Here is a brief modern history of Republican attitudes toward the deficit. For eight years under an Obama presidency, Republicans foretold of a debt apocalypse and urged lawmakers to slash deficits by trillions of dollars. Under Trump, both GOP-controlled houses passed a corporate tax bill that economists predict will grow deficits by at least $1 trillion in the next decade. Then, within hours after the tax bill passing the Senate, Republicans stepped up efforts to cut welfare spending on low-income Americans because, in the words of Sen. Orrin Hatch, “we don’t have any money anymore.”
This flip-flop—or, more accurately, a flip-flop/flop-flip—might strike some as a trivial double-reversal, or just quotidian hypocrisy. But it’s a microcosm of the GOP economic agenda, which has made regressive deficit-busting tax cuts the centerpiece of the party’s national agenda while using fears of the deficit as a stalking horse to attack progressive spending.
This is the long game of Republican economics, and it is the opposite of a secret. In fact, it is a published document. For years, House Speaker Paul Ryan, with broad party support, has proposed budget blueprints that both cut corporate taxes, thus returning trillions of dollars in post-tax income to business owners and investors, and slashed government spending on health care and anti-poverty programs.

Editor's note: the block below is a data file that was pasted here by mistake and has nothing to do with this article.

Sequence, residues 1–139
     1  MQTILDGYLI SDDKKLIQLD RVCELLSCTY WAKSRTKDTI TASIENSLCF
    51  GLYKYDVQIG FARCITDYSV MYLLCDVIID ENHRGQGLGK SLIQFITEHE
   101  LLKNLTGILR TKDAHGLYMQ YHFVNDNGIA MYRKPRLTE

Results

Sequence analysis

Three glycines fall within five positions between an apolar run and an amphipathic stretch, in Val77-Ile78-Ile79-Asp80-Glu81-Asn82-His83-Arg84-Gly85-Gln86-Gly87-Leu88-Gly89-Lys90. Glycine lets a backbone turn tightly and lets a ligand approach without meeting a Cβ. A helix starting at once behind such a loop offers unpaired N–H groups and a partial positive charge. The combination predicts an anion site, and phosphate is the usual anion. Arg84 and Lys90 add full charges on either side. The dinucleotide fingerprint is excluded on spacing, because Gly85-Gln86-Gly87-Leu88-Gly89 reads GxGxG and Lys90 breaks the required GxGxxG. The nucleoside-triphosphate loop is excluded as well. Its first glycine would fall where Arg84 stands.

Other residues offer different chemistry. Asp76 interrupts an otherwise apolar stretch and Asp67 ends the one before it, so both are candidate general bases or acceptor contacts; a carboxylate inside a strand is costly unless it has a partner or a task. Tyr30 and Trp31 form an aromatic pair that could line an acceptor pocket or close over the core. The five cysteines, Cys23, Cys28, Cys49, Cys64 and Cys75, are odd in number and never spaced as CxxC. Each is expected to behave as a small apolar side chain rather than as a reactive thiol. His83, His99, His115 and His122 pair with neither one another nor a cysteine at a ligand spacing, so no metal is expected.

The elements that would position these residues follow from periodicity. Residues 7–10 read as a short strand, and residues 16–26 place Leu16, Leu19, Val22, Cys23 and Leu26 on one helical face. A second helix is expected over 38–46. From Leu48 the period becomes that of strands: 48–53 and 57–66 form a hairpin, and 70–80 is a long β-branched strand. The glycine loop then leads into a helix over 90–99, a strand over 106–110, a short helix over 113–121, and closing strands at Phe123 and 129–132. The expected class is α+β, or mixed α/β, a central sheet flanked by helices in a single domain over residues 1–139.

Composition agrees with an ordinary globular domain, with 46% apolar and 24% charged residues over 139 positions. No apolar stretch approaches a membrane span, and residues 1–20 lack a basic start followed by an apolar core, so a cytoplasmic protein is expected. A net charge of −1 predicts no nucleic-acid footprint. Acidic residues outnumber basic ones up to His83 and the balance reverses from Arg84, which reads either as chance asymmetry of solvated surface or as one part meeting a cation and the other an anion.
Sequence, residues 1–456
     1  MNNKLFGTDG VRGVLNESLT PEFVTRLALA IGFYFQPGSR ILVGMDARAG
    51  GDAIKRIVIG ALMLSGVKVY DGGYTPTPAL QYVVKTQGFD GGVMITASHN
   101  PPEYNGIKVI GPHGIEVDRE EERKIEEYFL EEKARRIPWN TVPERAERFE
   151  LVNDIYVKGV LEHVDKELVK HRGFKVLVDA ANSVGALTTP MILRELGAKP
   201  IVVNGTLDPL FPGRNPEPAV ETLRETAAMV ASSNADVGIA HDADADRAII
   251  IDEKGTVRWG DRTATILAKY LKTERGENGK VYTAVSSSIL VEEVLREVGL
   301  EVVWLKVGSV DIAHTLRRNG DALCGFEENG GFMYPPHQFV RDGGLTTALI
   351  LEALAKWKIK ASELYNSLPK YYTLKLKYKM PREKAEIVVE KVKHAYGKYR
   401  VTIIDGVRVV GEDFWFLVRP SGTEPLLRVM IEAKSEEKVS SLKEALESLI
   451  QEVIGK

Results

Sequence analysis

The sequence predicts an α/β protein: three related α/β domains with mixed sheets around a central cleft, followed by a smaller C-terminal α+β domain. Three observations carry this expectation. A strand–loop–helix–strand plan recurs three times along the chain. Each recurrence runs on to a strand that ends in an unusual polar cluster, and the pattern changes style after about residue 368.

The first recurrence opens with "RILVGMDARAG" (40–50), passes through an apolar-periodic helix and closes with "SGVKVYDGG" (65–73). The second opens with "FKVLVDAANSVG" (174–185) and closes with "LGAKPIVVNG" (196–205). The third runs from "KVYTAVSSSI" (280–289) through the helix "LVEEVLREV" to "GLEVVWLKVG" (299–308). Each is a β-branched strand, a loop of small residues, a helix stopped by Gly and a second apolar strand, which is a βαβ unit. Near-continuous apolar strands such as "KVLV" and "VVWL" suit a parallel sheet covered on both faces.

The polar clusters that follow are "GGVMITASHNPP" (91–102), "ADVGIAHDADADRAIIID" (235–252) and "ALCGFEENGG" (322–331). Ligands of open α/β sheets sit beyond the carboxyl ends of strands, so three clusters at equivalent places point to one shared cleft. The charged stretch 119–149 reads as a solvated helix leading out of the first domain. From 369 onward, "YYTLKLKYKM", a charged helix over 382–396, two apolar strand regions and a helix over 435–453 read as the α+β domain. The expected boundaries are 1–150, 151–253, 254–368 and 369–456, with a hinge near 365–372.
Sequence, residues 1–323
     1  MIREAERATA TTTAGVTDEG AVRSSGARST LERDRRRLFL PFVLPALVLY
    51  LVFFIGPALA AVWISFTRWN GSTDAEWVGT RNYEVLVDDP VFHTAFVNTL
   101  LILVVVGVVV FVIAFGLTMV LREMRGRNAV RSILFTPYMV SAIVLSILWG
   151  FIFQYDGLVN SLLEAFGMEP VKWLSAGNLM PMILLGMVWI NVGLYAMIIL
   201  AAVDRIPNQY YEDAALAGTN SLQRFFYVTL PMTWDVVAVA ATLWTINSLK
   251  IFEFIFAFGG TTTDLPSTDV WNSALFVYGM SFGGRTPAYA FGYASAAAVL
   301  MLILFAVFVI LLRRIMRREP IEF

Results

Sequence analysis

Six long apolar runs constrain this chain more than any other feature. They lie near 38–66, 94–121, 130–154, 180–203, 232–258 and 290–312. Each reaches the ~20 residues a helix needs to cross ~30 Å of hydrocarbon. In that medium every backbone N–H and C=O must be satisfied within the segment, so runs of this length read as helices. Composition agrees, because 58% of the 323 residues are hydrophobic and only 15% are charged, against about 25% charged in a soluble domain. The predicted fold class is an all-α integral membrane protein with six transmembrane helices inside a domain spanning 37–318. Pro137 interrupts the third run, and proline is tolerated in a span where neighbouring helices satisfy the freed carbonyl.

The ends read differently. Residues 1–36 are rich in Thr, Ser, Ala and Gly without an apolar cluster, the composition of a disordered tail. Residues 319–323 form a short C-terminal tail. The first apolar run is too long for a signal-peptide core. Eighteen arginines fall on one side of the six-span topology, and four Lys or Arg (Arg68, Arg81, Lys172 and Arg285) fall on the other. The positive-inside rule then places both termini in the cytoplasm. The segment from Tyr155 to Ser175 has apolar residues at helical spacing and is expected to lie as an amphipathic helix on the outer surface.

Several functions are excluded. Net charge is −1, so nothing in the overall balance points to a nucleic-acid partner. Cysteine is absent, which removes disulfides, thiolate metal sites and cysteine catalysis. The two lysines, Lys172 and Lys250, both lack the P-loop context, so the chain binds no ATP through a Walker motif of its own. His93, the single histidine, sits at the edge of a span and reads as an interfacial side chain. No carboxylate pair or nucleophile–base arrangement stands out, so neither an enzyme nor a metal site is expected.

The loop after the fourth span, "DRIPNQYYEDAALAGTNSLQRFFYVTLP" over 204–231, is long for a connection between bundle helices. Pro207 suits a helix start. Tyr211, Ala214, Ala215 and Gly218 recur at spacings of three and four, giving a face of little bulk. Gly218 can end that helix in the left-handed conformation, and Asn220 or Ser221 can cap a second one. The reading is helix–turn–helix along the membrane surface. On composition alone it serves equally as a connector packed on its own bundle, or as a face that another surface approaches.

Now Republicans seem poised to enact much of that very agenda. With corporate tax cuts nearly out the door—pending some ironing out in conference between the House and Senate—Republicans are turning their attention to the welfare system, arguing that neither the deficit nor the economy can afford current programs that help the sick or poor. In a recent radio interview, Ryan told radio host Ross Kaminsky that Republicans will try to reduce spending on Medicare, Medicaid, and anti-poverty programs in 2018. “We’re going to have to get back next year at entitlement reform, which is how you tackle the debt and the deficit,” he said. Meanwhile, The Wall Street Journal and The Washington Post report that the GOP might start by targeting the Supplemental Nutrition Assistance Program (also known as SNAP, or food stamps), the Temporary Assistance for Needy Families program (TANF), Social Security Disability Insurance, or Medicaid.